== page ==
It’s hard to discuss politics in 2018. We’re all opinionated, and we’re all thinking about it more often than we ever have, but ironically, it’s become increasingly difficult to share those opinions. How do you discuss something that’s on everybody’s mind when that discussion always seems to lead to such levels of anger and vitriol? Is it even worth it? The answer might surprise you. This has been the year of brand activism, and it has been incredibly effective.
The most immediate example that comes to mind is the revitalization of Nike’s “Just Do It” campaign, with Colin Kaepernick at its center. You might think: “I saw people burning Nike shoes. My great-uncle has stopped watching the NFL. The president tweeted that Nike was getting killed by boycotts and that this was a bad thing to do. It must have failed.” Here’s the twist: they didn’t fail — they boomed big time. Data gathered post-launch revealed that there was “a 61% rise in the amount of sold-out merchandise compared with the 10 days before the launch.” If that’s a failure, then your business should be striving to fail.
Patagonia announced before Black Friday that they would be rebuking the tax credit they earned from Trump administration’s tax cut by donating the 10 million dollars to environmental groups, spitting in the face of the Trump administration’s continued denial of climate change. Patagonia had a wildly successful Black Friday, with the rise credited to the company’s approach to environmentalism.
TOMS shoe company announced a donation of 5 million dollars to various gun control advocacy groups. You might think that TOMS is preaching to the choir, as their target demographic seems to be pretty liberal, but other demographics have been activated by this campaign. Country stars Dierks Bentley and Florida Georgia Line’s Tyler Hubbard have endorsed the campaign, despite being champions of a conservative demographic.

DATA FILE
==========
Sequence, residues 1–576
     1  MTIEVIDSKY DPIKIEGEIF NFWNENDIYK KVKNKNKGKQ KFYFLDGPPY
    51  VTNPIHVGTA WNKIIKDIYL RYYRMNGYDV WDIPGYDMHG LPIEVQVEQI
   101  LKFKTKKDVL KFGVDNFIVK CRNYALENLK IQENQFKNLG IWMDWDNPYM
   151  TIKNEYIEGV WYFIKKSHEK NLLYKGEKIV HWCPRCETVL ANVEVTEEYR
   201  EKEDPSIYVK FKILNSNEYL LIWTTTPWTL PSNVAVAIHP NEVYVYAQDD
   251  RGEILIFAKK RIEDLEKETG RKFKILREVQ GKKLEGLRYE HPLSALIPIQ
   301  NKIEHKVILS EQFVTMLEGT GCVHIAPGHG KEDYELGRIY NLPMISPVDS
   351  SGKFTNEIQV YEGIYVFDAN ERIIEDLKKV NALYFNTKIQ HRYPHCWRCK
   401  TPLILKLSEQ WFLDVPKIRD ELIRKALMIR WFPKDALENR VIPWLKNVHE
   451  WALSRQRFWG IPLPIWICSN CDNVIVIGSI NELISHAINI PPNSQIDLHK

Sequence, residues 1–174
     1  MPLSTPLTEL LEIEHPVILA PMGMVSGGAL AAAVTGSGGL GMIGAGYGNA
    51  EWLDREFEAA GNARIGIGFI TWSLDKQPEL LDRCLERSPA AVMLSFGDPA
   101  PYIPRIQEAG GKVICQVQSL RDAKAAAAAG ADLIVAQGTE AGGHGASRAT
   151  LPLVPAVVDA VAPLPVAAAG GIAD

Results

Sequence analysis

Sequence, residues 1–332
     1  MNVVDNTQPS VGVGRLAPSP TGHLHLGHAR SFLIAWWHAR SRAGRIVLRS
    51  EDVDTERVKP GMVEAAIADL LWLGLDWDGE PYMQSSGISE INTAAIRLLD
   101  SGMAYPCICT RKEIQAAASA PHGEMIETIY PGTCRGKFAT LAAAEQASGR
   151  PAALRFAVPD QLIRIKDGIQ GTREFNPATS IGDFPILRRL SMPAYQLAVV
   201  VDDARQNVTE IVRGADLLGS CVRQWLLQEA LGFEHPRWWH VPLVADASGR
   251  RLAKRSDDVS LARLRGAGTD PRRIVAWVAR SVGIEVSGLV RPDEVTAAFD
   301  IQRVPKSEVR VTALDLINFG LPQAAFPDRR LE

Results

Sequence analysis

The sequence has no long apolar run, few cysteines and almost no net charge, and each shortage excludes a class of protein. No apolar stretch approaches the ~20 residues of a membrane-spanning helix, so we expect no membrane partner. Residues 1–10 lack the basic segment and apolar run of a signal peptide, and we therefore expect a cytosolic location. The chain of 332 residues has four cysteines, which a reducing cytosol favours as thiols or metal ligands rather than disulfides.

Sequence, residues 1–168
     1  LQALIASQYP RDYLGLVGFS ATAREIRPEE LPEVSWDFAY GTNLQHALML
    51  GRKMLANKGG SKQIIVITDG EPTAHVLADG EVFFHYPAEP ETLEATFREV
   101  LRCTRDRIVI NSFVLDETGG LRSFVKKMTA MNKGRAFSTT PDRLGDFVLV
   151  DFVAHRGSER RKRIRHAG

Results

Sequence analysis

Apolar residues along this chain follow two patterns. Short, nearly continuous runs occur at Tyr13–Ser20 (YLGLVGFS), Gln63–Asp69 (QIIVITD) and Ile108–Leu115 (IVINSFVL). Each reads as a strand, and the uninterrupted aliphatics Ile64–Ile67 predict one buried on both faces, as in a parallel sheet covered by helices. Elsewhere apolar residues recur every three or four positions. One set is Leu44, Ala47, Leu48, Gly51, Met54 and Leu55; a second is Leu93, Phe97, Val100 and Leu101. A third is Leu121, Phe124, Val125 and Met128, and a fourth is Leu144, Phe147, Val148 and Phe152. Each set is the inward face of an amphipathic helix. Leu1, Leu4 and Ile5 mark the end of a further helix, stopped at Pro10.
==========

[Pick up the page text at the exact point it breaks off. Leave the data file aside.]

These instances of brand activism are turning heads, and are leading to an unprecedented level of success. This wouldn’t take place if the data didn’t back up the wisdom to engage in these kinds of campaigns, and the data is shocking. Accenture Strategy conducted its Global Consumer Pulse Research and concluded that some “two-thirds (63%) of consumers prefer to buy goods and services from companies that stand for a shared purpose that reflects their personal values and beliefs” and that “62% want companies to take a stand on social, cultural, environmental, and political issues close to their hearts.” “Another 62% say their purchasing consideration is driven by a company’s ethical values and authenticity.” Keep in mind that this was a survey of 30,000 consumers and not a rushed straw poll.
Given this information, perhaps you’re considering employing these tactics. I would suggest treading that water carefully. For every successful moment of brand activism, there are embarrassing failures. Remember when Pepsi posited that Kendall Jenner could cure racism by drinking a Pepsi? You have to be sincere because consumers are smarter than the credit they get. They’ll spot a shameless plug from a mile away. You can’t fake this stuff, and quite frankly you shouldn’t. If anything good can be taken from this political hellscape, it’s that honesty has become a treasured commodity. You must be honest.
Brands are increasingly willing to modernize and acknowledge an increasingly diverse consumer base. The data shows that it’s working, so perhaps it’s time for your brand to stop sitting on the fence, and start engaging with a customer base that’s more activated than ever.